G (gong 4) - thang nai - for the pi nai, used in all hard mallet ensembles
A (gong 5) - thang klang - for the pi klang (out of use today)
B (gong 6) - thang phiang - actually notated in C, used for a soft mallet ensembles and in the Mahori ensemble
C (gong 7) - thang kruat - for the pi nawk (out of use today)
D (gong 1) - thang haep - for the khlui lip (rare)
E (gong 2) - thang chawa - for the pi chawa (rare)
F (gong 3) - thang phiang - for the khlui u (a rare flute, but common tuning for many ensembles)
The instrumental focus for the creation of the different scales and the clear determination of pitches and scales for instruments and their use in festive occasions already point out to a clear seperation and categorization in traditional Thai music, which actually is understood and lived in Thailand with less restrictions today and sometimes mixed freely.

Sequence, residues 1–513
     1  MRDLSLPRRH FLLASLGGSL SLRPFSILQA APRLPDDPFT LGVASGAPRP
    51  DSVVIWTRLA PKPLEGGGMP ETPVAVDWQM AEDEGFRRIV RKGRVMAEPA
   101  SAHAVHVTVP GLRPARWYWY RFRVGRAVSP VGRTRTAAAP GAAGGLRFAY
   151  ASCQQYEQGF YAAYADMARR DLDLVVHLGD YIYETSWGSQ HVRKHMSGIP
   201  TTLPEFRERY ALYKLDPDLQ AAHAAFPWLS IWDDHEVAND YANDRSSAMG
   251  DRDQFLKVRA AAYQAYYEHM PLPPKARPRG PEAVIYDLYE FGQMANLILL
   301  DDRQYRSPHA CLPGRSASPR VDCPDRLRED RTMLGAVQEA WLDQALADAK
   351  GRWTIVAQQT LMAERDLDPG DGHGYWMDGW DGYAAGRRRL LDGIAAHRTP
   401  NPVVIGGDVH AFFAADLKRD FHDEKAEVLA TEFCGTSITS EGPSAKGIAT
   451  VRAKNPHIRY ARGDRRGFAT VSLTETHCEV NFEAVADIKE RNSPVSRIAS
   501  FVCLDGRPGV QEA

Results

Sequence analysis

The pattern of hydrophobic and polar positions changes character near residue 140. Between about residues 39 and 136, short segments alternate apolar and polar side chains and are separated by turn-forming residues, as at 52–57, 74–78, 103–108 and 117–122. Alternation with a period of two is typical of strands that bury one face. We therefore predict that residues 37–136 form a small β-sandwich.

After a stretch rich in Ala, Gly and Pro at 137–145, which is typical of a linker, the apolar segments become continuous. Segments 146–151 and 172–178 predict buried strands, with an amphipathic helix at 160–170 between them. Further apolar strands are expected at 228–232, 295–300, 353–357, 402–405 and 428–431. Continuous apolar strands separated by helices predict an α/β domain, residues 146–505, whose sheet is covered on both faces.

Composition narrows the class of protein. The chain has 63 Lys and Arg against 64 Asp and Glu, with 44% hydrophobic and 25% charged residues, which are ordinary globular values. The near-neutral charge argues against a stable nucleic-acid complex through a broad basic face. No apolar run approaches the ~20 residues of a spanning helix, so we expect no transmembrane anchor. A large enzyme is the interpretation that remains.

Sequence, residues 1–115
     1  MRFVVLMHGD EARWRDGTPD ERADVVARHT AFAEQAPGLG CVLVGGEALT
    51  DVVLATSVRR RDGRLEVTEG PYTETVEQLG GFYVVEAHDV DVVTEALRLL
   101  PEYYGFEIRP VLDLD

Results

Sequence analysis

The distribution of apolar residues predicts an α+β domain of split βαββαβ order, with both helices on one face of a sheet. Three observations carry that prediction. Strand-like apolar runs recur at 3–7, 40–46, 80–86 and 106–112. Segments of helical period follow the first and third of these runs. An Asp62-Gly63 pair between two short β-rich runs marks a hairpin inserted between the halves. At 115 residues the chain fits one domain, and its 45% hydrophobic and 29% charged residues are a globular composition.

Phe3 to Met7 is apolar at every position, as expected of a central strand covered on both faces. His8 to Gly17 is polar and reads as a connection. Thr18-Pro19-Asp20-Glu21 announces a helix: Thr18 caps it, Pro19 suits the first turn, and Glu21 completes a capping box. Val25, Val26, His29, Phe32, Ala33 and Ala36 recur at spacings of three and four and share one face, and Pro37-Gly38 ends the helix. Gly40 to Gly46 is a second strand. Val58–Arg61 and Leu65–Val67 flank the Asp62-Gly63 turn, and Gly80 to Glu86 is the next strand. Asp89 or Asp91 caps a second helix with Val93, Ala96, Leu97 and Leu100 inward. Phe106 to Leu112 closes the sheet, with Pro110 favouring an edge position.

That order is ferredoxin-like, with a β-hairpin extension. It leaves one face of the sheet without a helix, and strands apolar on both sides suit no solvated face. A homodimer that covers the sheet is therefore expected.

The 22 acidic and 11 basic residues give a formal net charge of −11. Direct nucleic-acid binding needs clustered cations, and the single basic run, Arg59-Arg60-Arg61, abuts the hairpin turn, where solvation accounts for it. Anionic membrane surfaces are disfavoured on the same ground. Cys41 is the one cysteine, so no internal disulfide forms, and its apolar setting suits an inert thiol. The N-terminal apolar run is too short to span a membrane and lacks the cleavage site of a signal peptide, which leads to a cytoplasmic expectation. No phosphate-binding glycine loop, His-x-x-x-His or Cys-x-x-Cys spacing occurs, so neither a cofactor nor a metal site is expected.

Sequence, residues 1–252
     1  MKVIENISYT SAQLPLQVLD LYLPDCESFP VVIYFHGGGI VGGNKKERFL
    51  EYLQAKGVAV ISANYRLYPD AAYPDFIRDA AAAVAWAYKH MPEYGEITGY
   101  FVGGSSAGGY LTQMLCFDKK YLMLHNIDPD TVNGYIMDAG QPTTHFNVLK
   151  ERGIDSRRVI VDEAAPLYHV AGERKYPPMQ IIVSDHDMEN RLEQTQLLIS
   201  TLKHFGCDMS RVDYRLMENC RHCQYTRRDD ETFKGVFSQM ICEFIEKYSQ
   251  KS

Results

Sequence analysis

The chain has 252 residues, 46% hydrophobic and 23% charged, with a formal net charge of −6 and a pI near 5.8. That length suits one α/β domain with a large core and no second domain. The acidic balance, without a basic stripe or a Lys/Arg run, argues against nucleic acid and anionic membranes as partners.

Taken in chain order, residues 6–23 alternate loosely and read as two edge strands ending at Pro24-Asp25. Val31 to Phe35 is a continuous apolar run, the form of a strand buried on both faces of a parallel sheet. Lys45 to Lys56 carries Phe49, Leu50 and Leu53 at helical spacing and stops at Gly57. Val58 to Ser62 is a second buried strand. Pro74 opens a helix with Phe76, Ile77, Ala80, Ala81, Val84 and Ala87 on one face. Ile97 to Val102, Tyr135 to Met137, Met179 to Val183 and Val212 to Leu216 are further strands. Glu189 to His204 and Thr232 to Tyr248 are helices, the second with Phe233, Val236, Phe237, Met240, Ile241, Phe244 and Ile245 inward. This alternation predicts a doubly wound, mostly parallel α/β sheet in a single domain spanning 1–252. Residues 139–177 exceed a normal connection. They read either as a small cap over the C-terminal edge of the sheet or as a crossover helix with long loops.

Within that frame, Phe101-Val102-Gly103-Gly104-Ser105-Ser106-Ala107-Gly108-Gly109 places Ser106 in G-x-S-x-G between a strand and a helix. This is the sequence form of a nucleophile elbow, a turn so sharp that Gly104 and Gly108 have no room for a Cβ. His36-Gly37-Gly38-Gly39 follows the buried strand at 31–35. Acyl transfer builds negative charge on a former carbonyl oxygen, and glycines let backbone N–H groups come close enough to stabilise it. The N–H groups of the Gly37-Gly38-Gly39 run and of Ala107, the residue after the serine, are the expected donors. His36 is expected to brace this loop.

In the rhythmical (nathap) center of all ensemble music, one might discover an unimposing instrument providing the heartbeat of the music. The little brass cymbals ching plays patterns of dampened (chap) and open sounds, and the patterns drive the music by augmenting or diminishing the tempo in double or half relations. These patterns are strictly bound to melodical phrases and cycles, and together with the final siang tok pitch they end on an accented chap strike.
Basically, Thai rhythm knows three different tempi, which should'nt be called "fast" or "slow" but better be named "wide" and "dense".
Thus, the three tempi (chan) can be understood as related augmentations:
sam sawng dio
wide, used for flute and vocal sections normal density dense, used mostly for xylophones